A crowd is forming outside some formidably solid doors in a shady corner of the Topkapi palace in Istanbul. For centuries, westerners have been enticed and inspired by what happened on the other side – and a group of European artists made their careers with their own fantasies of what life was like there. Today, the doors are open to hordes of tourists who have come to explore the sultan’s private harem a crowd for themselves.
It is precisely these kinds of ornamental details that delighted the British painters who travelled to the near east in the 19th century. Artists such as William Holman Hunt, Frederic Leighton, David Wilkie and John Frederick Lewis relied on replicating such nuances to convince the public at home of their paintings’ authenticity.
Yet the tiles, however beautiful, didn’t excite the artists nearly as much as what actually went on in the harem. This polygamous domain was popularly perceived as the epitome of oriental omnipotence and oppression, home to multiple wives and hundreds of sex slaves, answerable to each and every whim of a domineering sultan. The French painter Jean-Léon Gérôme imagined harem life as a fog of narghile smoke. His voluptuous and usually nude women can usually be found toking on a hookah or lounging poolside, casting seductive glances at each other.
But Gérôme knew as little about harem life as the British painters whose landscapes, portraits and harem scenes will be exhibited at Tate Britain’s summer spectacular The Lure of the East. Western men, painters or not, were strictly forbidden to enter the harem. This is one of the paradoxes at the heart of British orientalist art, which is finely balanced between accuracy and fancy.
The critic Edward Said’s famous suggestion in Orientalism, published 30 years ago, that the Orient is a western invention is particularly suited to the British painters’ harem scenes. But whether their paintings are the offshoots of an imperialist agenda remains open to interpretation. Given the secretive nature of the harem and a general shortage of authentic accounts, the artists had little option but to take a leap of the imagination when painting harem life. How big a leap they took was partly determined by the exotic expectations of the art buyers back home.
For background information the British painters relied on female investigations into harem life, such as the writings of Lady Mary Wortley Montagu. The wife of a British ambassador, Montagu spent time in Istanbul and strived to get to know Ottoman women and deliver dispatches from their private world. Her collected letters were published in 1763 and sparked interest for their apparently eyewitness insights. Edward William Lane, who wrote extensively about his travels in Egypt, realised that he had only a limited understanding of Egyptian women’s life. He encouraged his sister Sophia Poole to accompany him on a trip, so that she might witness scenes forbidden to western men. (It worked – she made her way into the Egyptian pasha’s harem.)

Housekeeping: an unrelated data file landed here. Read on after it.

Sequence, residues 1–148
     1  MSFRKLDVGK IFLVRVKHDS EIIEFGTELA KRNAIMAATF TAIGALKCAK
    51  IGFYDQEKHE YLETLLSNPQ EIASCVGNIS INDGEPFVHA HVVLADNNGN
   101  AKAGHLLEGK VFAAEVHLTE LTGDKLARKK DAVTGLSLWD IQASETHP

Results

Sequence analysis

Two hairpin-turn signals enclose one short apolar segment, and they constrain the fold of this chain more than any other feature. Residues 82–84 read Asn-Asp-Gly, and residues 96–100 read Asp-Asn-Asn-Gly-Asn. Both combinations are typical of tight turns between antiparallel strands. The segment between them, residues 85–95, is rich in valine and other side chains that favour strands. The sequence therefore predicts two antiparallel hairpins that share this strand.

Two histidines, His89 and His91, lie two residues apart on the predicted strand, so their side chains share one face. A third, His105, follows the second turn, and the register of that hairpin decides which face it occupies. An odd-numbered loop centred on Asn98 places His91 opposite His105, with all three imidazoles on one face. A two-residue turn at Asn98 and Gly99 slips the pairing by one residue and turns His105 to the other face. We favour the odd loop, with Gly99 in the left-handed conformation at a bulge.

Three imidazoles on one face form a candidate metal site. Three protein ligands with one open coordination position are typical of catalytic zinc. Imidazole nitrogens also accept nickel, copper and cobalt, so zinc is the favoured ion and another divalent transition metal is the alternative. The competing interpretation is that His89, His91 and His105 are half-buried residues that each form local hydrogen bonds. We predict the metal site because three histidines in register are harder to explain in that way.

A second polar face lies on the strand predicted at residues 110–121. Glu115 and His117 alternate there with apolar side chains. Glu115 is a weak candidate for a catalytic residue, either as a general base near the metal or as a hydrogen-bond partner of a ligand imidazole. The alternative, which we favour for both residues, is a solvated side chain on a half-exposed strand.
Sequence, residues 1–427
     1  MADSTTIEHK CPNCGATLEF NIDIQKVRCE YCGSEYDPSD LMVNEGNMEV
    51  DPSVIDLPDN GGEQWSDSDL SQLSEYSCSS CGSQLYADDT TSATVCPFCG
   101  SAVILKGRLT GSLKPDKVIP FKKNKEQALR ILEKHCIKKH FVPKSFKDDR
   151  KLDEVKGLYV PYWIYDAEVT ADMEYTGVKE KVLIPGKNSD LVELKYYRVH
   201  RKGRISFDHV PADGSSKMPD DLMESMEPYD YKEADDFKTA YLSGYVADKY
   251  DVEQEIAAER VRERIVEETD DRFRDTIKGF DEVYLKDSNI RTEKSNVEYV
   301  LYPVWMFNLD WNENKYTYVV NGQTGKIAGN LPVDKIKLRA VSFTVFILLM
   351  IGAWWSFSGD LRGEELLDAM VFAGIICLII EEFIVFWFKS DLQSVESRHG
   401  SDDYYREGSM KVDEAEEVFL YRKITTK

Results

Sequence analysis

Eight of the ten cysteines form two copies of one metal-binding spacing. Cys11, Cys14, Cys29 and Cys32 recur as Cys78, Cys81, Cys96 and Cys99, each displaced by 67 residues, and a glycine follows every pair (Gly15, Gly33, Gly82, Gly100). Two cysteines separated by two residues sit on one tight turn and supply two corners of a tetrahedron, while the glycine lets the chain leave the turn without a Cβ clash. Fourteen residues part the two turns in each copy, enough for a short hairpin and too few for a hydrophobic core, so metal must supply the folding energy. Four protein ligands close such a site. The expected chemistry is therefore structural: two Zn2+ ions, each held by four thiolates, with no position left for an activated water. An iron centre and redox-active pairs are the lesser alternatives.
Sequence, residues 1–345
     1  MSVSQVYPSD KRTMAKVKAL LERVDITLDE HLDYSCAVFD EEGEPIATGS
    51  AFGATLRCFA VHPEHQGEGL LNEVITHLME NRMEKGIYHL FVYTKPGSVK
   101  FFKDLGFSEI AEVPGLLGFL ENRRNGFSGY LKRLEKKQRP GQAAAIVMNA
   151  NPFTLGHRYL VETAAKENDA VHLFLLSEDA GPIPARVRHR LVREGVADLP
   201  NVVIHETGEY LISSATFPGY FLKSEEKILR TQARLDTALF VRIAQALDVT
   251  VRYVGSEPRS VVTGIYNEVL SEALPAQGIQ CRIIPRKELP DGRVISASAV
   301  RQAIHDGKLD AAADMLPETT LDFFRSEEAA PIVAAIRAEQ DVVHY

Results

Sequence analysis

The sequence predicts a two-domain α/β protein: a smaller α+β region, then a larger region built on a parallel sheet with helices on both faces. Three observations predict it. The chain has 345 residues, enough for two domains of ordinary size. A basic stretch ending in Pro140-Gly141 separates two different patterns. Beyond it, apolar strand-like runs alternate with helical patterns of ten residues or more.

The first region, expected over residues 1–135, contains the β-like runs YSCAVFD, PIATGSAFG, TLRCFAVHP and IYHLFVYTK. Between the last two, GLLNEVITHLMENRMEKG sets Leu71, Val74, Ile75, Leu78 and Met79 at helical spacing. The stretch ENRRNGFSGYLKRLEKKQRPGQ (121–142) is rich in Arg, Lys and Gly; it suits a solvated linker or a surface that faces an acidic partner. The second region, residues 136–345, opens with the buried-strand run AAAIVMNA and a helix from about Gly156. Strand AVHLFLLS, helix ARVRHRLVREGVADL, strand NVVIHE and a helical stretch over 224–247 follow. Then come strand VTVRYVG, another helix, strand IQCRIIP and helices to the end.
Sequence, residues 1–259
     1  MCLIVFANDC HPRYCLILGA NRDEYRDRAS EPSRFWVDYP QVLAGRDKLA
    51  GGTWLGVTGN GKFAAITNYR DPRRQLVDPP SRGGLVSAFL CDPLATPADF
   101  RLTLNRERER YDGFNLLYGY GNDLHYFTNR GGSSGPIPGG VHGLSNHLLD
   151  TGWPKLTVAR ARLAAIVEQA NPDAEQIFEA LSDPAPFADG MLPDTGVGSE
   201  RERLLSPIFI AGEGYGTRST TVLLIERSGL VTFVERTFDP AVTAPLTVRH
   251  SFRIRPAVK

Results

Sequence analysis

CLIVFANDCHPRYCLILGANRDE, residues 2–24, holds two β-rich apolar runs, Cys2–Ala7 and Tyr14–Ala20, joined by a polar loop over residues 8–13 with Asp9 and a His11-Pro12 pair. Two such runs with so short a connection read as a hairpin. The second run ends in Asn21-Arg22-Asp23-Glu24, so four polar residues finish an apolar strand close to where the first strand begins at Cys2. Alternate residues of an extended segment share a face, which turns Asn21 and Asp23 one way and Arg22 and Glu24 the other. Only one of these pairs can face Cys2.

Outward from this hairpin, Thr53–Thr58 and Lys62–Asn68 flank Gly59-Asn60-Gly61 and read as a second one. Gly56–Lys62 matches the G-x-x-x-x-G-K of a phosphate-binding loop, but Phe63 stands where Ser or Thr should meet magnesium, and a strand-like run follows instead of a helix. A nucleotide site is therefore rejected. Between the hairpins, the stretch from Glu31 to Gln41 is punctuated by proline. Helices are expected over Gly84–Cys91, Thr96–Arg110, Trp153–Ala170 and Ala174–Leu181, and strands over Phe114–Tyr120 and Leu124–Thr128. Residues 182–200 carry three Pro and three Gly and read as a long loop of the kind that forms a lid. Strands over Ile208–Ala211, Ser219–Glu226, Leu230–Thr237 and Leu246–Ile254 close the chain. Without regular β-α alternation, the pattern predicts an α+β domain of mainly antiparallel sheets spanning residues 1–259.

John Frederick Lewis lent his visually opulent style to the harem’s customs and receptions – a slave trader visits the sultan in The Hhareem (1850); a lady receives visitors in The Reception (1873) – but he seemed willing to concede the dullness of harem days. His Hareem Life, Constantinople (1857) turns sheer boredom into breathtaking beauty. In the painting, light floods into a room where two women are watching a tortoiseshell cat that has picked apart a bouquet of peacock feathers. On first sight, the scene is both playful and peaceful, but with the tight framing and the women’s distracted expressions, we might be observing the same detached dullness depicted in Camden by Sickert 60 years later.
Lewis spent a year in Constantinople and most of the 1840s in Cairo. Famously, Thackeray visited Lewis at home there and later described the painter as having become a “languid lotus-eater” living a “dreamy, lazy, hazy, tobacco-fied life”. Many of the British painters posed in oriental costumes, either lounging around with long-stemmed pipes or, in the case of William Holman Hunt’s self-portrait in the exhibition, in the act of painting itself. Lewis, who sports a turban and scimitar in photographs at the exhibition, seems to have been most successful at convincing his audience that he was the real deal.
An 1860 painting by Lewis, In the Bezestein, El Khan Khalil, Cairo, presents a carpet seller who, it has been suggested, looks a lot like the artist himself. The implication is that Lewis’s paintings of the near east, exhibited and sold at the Royal Academy, can be considered the genuine article – as authentic as the very carpets sold in a Cairo bazaar. The truth of his spectacular harem scenes, as so much else, is that fact and fancy are skilfully interwoven.